Solomon Islands: Flash Floods - Apr 2014
Heavy rain from a tropical depression, which later became Tropical Cyclone Ita, caused severe flooding in the Solomon Islands at the beginning of April 2014, killing 22 people and affecting and over 50,000. The worst affected area was the capital Honiara after the Mataniko River burst its banks on 3 Apr. Houses were washed away and infrastructure damaged, with an estimated 12,000 people affected. At the peak of the crisis, there were around 10,000 people displaced in nearly 30 evacuation centres in Honiara. By 12 May, 10 evacuation centres still housed 4,477 people. Over 9,000 households in Honiara, Guadalcanal and Isabel had lost 75 to 100 per cent of their food gardens. Drinking water remained a concern for an estimated 50 per cent of the 50,000 people affected. (OCHA, 12 May 2014)
The National Disaster Council endorsed the Humanitarian Action Plan (HAP) on 24 Apr, which requires US$13.6 million for three months. Priority areas are health, WASH, shelter, protection and food security.
As of 22 May, over 2,500 people remained in eight evacuation centres in Honiara. Flood-affected health facilities and schools were still in need of repair. (OCHA, 22 May 2014)
By 25 Jun, over 1,000 people remained in three evacuation centres in Honiara. A Central Emergency Response Fund (CERF) grant totaling $1.8 million has been approved to support Health, Nutrition and WASH activities. A revision of the Humanitarian Action Plan focusing on early recovery is underway. (OCHA, 25 Jun 2014)
The total number of people reached through this operation exceeded the target that was set in the Emergency Appeal. In all, some 66,000 people were reached with water, sanitation and hygiene promotion, as well as health activities; 1,428 households received emergency shelter kits and 2,878 households received household kits. However it is recognized that there may be some overlap in the beneficiary figures. Beneficiaries (especially within evacuation centres) would have received water, sanitation and hygiene promotion activities, and also received either a household kits or emergency shelter kits. This scenario, coupled with the continual movement of people in flood affected communities and their very limited means to identify themselves, resulted in challenges for data recording. (IFRC Final Report, 9 July 2015)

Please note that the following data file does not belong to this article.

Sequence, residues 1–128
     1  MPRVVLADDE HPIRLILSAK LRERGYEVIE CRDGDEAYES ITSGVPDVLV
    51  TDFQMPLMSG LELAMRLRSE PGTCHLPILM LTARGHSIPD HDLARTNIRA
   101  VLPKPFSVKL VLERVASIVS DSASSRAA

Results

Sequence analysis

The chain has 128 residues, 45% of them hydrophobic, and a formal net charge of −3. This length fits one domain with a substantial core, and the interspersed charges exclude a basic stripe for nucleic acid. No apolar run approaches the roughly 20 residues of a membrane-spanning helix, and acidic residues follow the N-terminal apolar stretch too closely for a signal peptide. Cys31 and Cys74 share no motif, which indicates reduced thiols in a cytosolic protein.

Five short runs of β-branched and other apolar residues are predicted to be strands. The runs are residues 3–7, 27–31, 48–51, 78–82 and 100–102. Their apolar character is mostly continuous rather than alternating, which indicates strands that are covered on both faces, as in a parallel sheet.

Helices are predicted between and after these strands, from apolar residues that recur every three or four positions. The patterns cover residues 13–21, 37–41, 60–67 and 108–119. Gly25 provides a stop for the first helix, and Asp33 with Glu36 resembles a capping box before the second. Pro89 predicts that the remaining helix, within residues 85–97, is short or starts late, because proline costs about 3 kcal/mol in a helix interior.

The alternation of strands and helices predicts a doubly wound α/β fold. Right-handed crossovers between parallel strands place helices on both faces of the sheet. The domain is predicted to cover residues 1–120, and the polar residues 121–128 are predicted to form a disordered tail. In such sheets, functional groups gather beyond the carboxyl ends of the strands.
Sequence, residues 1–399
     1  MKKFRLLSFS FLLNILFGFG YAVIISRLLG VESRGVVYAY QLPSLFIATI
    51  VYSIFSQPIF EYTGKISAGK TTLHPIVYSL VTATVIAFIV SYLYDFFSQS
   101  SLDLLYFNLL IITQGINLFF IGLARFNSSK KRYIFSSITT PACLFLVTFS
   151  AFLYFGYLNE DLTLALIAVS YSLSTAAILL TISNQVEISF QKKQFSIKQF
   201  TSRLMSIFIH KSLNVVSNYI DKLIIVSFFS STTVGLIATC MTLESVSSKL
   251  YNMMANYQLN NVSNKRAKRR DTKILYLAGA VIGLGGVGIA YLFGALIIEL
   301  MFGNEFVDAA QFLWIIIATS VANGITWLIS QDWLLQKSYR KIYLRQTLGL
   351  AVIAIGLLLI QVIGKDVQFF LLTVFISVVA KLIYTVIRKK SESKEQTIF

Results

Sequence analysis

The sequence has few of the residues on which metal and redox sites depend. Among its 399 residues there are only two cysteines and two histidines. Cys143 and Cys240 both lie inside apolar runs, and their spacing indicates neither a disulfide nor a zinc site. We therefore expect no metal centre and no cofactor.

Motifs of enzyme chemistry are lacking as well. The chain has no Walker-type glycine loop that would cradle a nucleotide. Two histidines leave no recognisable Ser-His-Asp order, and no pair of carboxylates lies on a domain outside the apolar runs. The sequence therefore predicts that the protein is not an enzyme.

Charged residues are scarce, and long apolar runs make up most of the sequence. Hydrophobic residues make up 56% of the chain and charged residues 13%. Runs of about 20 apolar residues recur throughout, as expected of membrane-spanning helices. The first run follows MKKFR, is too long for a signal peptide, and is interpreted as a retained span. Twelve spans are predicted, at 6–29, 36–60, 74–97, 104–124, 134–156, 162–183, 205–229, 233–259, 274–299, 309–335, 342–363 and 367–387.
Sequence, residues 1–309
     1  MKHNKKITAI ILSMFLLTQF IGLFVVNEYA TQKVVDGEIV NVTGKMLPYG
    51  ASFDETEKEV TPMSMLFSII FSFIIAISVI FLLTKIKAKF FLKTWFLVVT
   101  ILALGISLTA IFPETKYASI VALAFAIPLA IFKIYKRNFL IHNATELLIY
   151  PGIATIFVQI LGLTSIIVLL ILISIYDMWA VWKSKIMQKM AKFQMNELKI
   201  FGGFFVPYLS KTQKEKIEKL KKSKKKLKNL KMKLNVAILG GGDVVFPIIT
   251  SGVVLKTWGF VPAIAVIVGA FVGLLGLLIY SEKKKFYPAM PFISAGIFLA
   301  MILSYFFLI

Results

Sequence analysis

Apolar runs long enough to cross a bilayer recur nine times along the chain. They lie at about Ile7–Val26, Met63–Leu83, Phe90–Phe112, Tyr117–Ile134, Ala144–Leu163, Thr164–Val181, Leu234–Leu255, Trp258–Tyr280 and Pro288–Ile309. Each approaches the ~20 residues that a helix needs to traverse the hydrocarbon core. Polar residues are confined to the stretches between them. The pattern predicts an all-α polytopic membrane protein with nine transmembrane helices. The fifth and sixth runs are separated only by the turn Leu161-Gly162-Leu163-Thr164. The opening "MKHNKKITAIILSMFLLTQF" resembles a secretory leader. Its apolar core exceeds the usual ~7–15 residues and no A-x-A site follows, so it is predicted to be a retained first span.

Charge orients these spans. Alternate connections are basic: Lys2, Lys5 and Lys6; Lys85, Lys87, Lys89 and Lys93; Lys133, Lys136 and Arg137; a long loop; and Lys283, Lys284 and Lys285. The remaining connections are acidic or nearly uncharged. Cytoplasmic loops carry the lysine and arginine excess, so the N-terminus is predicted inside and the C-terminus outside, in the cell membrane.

By Catherine Wilson
PAPAGU, Solomon Islands, Oct 23 (Thomson Reuters Foundation) - Three years ago, thousands of farmers living on the flat fertile plains of Guadalcanal, the largest island in this South Pacific nation, watched their homes and crops washed away by the strongest torrential rain and flooding they had ever seen.
Now the government is working on new legislation aimed at lowering the risks of that happening again, in part by merging efforts to adapt to climate change and reduce disaster risks in a bid to make development efforts more resilient.
Victims of Solomon Islands' worst flood disaster three years ago are still living in makeshift housing, without safe drinking water or electricity.
Read more on Radio New Zealand International
The Pacific region is frequently hit by natural disasters such as cyclones, floods, droughts and earthquakes. Pacific countries rank among the highest in the world in terms of numbers of casualties and people affected. The European Commission provides humanitarian assistance to the region both in terms of disaster preparedness and emergency relief when major disasters strike.
The ADB program in the Solomon Islands has provided loans, grants and technical assistance to grow the country’s economy and improve the lives of people, particularly the poor, women, children and other vulnerable groups.
Since Solomon Islands joined ADB in 1973, the country has received over $275 million in loans, grants, and technical assistance. With such a widely dispersed population, the transport sector is a key development priority for Solomon Islands.
Men, women, boys and girls face different risks and have different priorities and needs in humanitarian settings. Pacific women are also subject to pre-existing and systemic inequalities, which impede their ability to survive and recover from disasters. These include high levels of gender-based violence, barriers to women’s meaningful representation in decision-making forums, formal and informal obstacles to women’s access to productive resources and information, and deficiencies in essential service provision for vulnerable groups.